Charles Frederick Field

From Wikipedia, the free encyclopedia

Charles Frederick Field
Field in an 1855 engraving.
London, England
Occupation(s)police officer
private detective

Charles Frederick Field (1805 – 27 September 1874)[1][2] was a British police officer with Scotland Yard and, following his retirement, a private detective.[3] Field is perhaps best known as the basis for Inspector Bucket in Charles Dickens's novel Bleak House.[1]


Joining the police[edit]

Born the son of the proprietor of a pub from Chelsea, Field had hoped to become an actor, but his impoverished circumstances led him to join the Metropolitan Police on its establishment in 1829, though no evidence supports Dickens' assertion that Field had previously been a Bow Street Runner.[4][5] Initially joining E (Holborn) Division, where he rose to sergeant, he soon moved on to L (Lambeth) Division and later a section of R (Greenwich) Division devoted to the Woolwich Dockyards as an Inspector. Around 1846 he joined the Detective Branch (on the retirement of Shackell), and retired as its chief in 1852.[6]

Relationship with Dickens[edit]

Charles Dickens had a particular fascination in the development of the police force in London and would occasionally accompany police constables on their nightly rounds. Through this, Field and Dickens became good friends. In 1850 Dickens wrote three articles for the journal Household Words in which he told stories of the adventures and exploits of the new police's Detective Branch, supplying character sketches of the detectives.[7] In one of them, A Detective Party, he gave Field the pseudonym of "Inspector Wield" and described him as:

...a middle-aged man of a portly presence, with a large, moist, knowing eye, a husky voice, and a habit of emphasising his conversation by the air of a corpulent fore-finger, which is constantly in juxta-position with his eyes or nose.[8]

In 1851, again for Household Words, Dickens wrote the short essay On Duty with Inspector Field about Field and his work.[9] Field was almost certainly the model for Inspector Bucket in Bleak House, and the parallel was drawn by contemporaries–so much so that Dickens wrote in to The Times to comment on the rumours, without actually denying them.[10] There is also some suggestion that R. D. Blackmore may have based Inspector John Cutting, who appears the novel Clara Vaughan, on Field.[1]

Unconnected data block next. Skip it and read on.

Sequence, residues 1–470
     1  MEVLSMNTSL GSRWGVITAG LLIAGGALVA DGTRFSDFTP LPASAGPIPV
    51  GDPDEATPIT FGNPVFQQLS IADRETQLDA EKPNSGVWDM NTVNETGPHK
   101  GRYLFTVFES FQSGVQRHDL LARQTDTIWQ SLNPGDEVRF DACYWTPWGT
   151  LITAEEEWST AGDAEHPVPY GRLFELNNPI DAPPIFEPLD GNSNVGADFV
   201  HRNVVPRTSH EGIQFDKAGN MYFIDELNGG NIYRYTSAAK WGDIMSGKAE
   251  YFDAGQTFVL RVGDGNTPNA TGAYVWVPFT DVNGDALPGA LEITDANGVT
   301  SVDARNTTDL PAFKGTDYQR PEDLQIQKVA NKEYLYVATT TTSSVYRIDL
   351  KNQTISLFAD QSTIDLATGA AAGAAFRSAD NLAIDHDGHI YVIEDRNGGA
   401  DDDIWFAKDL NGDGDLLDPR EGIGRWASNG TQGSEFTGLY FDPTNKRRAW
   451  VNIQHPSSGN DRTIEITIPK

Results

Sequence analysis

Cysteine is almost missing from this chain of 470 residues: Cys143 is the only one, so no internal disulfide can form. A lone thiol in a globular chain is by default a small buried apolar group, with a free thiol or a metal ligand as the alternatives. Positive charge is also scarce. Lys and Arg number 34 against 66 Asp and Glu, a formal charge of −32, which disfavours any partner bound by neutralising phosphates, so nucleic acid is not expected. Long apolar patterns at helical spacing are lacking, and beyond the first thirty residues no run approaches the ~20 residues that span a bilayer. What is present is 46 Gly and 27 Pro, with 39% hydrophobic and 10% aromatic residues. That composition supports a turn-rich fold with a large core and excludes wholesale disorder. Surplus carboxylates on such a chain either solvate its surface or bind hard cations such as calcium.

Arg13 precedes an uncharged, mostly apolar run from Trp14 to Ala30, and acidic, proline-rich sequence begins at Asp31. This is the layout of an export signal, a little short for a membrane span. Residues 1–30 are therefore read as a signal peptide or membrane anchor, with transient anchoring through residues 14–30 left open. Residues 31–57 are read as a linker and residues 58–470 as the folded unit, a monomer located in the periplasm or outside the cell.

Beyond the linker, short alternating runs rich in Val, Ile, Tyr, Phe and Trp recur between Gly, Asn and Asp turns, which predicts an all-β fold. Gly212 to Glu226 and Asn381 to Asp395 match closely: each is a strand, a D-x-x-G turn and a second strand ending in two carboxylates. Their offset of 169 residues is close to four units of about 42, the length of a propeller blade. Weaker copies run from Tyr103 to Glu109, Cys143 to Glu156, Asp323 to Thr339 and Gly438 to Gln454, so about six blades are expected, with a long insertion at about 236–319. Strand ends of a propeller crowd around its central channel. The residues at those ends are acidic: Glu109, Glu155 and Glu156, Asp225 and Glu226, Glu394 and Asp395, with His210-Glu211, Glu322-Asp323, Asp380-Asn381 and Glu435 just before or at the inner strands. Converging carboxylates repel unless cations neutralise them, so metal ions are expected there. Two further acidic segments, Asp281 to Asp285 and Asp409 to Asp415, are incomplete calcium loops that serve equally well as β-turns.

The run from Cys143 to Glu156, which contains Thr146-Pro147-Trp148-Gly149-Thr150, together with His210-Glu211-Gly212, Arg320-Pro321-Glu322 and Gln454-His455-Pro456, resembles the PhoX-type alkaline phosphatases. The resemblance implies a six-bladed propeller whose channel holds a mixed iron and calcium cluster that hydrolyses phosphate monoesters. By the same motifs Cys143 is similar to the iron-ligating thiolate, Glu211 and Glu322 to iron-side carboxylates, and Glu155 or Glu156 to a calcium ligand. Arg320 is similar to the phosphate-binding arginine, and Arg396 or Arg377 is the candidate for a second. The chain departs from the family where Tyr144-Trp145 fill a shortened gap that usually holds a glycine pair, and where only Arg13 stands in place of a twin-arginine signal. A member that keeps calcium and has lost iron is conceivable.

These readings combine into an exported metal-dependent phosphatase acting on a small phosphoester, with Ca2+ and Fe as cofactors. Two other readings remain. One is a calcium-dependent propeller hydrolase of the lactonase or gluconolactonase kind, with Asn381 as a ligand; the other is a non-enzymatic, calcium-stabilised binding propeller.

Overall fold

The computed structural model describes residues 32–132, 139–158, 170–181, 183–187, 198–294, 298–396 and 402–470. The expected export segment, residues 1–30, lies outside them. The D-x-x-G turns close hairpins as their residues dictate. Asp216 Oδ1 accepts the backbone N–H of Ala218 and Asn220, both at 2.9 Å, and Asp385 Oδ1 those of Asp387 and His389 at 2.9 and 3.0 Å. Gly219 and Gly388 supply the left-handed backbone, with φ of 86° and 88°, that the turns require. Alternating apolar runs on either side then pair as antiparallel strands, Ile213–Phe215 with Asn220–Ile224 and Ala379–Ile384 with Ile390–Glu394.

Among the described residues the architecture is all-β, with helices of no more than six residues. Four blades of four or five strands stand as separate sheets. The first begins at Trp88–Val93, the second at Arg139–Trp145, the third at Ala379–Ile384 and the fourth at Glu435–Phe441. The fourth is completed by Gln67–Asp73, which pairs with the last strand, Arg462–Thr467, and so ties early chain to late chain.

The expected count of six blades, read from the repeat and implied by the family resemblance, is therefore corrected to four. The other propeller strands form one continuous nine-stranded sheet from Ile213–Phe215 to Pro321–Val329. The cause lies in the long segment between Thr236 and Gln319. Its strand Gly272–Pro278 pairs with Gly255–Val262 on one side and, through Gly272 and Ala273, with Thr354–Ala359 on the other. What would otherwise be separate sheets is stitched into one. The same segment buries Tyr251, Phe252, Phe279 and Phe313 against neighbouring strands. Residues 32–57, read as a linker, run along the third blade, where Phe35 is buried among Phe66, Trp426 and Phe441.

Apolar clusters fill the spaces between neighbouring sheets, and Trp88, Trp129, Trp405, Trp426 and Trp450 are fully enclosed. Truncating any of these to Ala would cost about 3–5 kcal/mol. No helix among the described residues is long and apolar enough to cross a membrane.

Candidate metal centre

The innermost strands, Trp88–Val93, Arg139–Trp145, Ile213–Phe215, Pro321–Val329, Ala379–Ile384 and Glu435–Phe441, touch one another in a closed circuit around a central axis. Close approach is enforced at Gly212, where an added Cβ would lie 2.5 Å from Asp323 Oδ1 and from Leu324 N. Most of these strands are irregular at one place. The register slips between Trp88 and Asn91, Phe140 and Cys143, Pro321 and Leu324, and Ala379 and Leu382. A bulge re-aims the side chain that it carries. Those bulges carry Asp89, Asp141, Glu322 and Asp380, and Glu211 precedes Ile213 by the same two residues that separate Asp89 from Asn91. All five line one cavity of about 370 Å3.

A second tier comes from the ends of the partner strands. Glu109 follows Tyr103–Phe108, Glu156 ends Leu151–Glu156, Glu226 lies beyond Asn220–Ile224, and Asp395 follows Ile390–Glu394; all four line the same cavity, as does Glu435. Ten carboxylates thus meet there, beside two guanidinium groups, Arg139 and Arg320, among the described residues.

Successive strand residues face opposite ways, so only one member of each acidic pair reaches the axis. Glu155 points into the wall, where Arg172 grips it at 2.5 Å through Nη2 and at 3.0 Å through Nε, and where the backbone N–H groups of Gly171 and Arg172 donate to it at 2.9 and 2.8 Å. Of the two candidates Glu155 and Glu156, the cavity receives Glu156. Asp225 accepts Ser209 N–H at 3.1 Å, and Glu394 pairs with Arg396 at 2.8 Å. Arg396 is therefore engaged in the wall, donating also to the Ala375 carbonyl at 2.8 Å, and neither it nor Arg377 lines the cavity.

In addition to these fictionalized portrayals, Field was frequently lionized by the press. Perhaps with a nod to his original calling, Field enjoyed using disguises, even when not necessary, a habit characterised by later police historian P T Smith as "self-indulgence".[11] Dickens thought that Field "boasted and play[ed] to the gallery" and otherwise puffed his own image which, as noted above, sometimes got him into trouble.[12]

Later life[edit]

Funerary monument, Brompton Cemetery, London

After his retirement from the police, Field was in the press again, appearing in a 2 February 1856 supplement of the Illustrated News of the World, which was devoted to the trial of Dr Palmer of Rugeley, accused of poisoning three people. Although retired, the supplement described Field as "Inspector Field," implying that he was still active in the force. It also carried a memoir of his career. Field's actual involvement in the case was limited to a prior investigation of Palmer's financial activities, and he was not called to testify.

Field's repeated use of his rank after his retirement, in his capacity as a private detective, caused consternation in official quarters, leading to at least two investigations of his conduct and a four-month stoppage of his pension in 1861. In 1865 Sir George Grey, the Liberal Home Secretary, dismissed the matter, as Field had finally retired from that line of work as well.[13] Field is buried in Brompton Cemetery, London.[14]

Literary references[edit]

Field is the main protagonist of the novels The Darwin Affair by Tim Mason and Bucket's List and Bucket's Brigade by Gary Blackwood.


  1. ^ a b c "::Strand Magazine::". Archived from the original on 29 September 2007. Retrieved 6 April 2007.
  2. ^ 'Echoes of the Week', Illustrated London News, Saturday 3 October 1874
  3. ^ Douglas G. Browne, The Rise of Scotland Yard: A History of the Metropolitan Police (Greenwood Press, 1977), 153.
  4. ^ Philip Thurmond Smith, Policing Victorian London: Political Policing, Public Order, and the London Metropolitan Police (Greenwood Press, 1985), 70.
  5. ^ Paul Begg and Keith Skinner, The Scotland Yard Files: 150 Years of the C.I.D. (Headline, 1992), p 26.
  6. ^ Browne, 122, 153.
  7. ^ Browne, 122-123.
  8. ^ Begg and Skinner, 43
  9. ^ "Discovering Literature: Romantics and Victorians - 'Bleak House first edition with illustrations'". British Library. Retrieved 7 February 2021.
  10. ^ Philip Collins, Dickens and Crime (Macmillan & Co Ltd, 1964), 204-207.
  11. ^ Smith, 70
  12. ^ Collins, 209.
  13. ^ Browne, 153-154.
  14. ^ "Residents of Brompton Cemetery". Archived from the original on 23 August 2006. Retrieved 26 September 2007.

External links[edit]